Omicron: ‘Wider use’ of RATs, PCR test capacity increased

Source: 1News

Rapid antigen tests will see “wider use”, but PCR tests will remain the mainstay in the Government’s initial Omicron response, Associate Health Minister Ayesha Verrall says.

Robots have allowed the automation of some tasks in the processing Covid-19 tests.

Verrall announced the Government would be increasing the number of PCR tests the system can process from a maximum of 39,000 tests a day to a baseline of 58,000 tests.

There was also the ability to surge that capacity to 77,600 tests a day, which could be kept up for a week, she said.

“A rapid rise in case numbers will require us to shift from identifying all infected individuals to being more targeted to those most at risk and those needed to maintain critical infrastructure,” she said.

“Nasopharyngeal PCR tests will continue to be used as the primary diagnostic test in our initial phase of dealing with Omicron in the community, but this will be supplemented by wider use of rapid antigen testing (RAT).”

In October last year, the Government was criticised by both experts and the opposition for its relative “slowness” in preparing for the use of rapid antigen and saliva tests.

Verrall said the Government had made a number of improvements since then.

This included installing robots in labs that automated aspects like de-capping test samples, Verrall said.

She said this would free up more lab technicians and eliminate the risk of mistakes with repetitive tasks.

Saliva tests had also been introduced to 4000 border and MIQ workers, Verrall said.

New Zealand businesses were also allowed to import, distribute, supply, or sell approved types of rapid antigen tests to “authorised” people, which included businesses for use among staff and unvaccinated domestic travellers, she said.

She said the number of types of RATs approved for import had also doubled, and criteria for them had been revised to make it easier for new products to undergo a full assessment.

“We will continue to approve more [RATs] throughout this week.”

However, National's Covid-19 response spokesperson Chris Bishop accused the Government of "hiding incompetence" by "seizing" supplies after being too slow to order RATs.

“I have been approached by a series of organisations today, all of whom have orders for rapid antigen tests about to be filled. They have been told that those orders cannot be filled because the rapid antigen tests are now going to the Government instead," Bishop said.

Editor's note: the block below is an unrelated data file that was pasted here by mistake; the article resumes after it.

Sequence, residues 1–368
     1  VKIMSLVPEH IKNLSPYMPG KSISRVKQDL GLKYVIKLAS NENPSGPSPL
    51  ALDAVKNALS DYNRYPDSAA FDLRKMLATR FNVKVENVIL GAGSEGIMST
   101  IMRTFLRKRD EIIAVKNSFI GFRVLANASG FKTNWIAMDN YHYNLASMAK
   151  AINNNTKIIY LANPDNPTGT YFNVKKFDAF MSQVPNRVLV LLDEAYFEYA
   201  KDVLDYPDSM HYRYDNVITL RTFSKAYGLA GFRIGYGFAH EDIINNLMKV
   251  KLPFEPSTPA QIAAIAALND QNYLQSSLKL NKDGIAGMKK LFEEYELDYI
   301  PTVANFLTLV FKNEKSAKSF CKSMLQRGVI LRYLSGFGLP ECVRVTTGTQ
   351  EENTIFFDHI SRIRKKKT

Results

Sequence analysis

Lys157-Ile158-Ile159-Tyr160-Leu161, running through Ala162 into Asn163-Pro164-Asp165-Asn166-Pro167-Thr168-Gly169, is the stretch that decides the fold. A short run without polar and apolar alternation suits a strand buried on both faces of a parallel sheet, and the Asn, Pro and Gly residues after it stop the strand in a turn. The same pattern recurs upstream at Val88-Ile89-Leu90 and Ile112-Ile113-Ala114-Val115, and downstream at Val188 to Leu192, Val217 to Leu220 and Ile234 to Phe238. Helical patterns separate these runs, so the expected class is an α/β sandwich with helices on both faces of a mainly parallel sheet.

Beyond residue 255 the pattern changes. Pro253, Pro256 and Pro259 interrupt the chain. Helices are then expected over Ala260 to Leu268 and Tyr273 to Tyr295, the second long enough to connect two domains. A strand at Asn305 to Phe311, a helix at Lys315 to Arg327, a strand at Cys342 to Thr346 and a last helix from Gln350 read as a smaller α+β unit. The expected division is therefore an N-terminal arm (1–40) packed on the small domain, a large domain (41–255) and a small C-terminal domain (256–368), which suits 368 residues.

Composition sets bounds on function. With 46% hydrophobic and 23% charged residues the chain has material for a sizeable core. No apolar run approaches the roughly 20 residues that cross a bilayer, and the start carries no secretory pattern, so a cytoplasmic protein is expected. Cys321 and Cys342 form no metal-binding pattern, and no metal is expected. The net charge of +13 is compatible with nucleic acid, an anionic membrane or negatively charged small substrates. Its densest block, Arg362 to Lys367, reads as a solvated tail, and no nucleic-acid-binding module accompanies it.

“That the Government has now resorted to requisitioning rapid antigen tests from the private sector is a stunning indictment of the Government’s incompetence over rapid antigen testing."

The Government largely stopped the importation of RATs for most of last year, citing the importance of accurate testing for its elimination strategy. It only loosened importation rules for businesses in late 2021.

Prime Minister Jacinda Ardern said on Tuesday the country had 4.6 million RATs already in the country, with a confirmed delivery of an additional 14.6m over the next five weeks.

Work was underway to get another 22m over the same period.

RATs tend to be less sensitive than the PCR method when detecting Covid-19 cases. Sensitivity describes the proportion of people with the virus who return a positive result.

That lack of sensitivity is particularly apparent when testing people who are asymptomatic or those who are either very early in or towards the end of their infectious period, when they have less of the virus in their bodies. That’s because rapid antigen testing looks for the protein of the Covid-19 virus, rather than its RNA genome.

What antigen testing lacks in sensitivity, however, it makes up for in speed. Because the process doesn’t require samples to be sent to a lab, it can be done in as little as 15 minutes.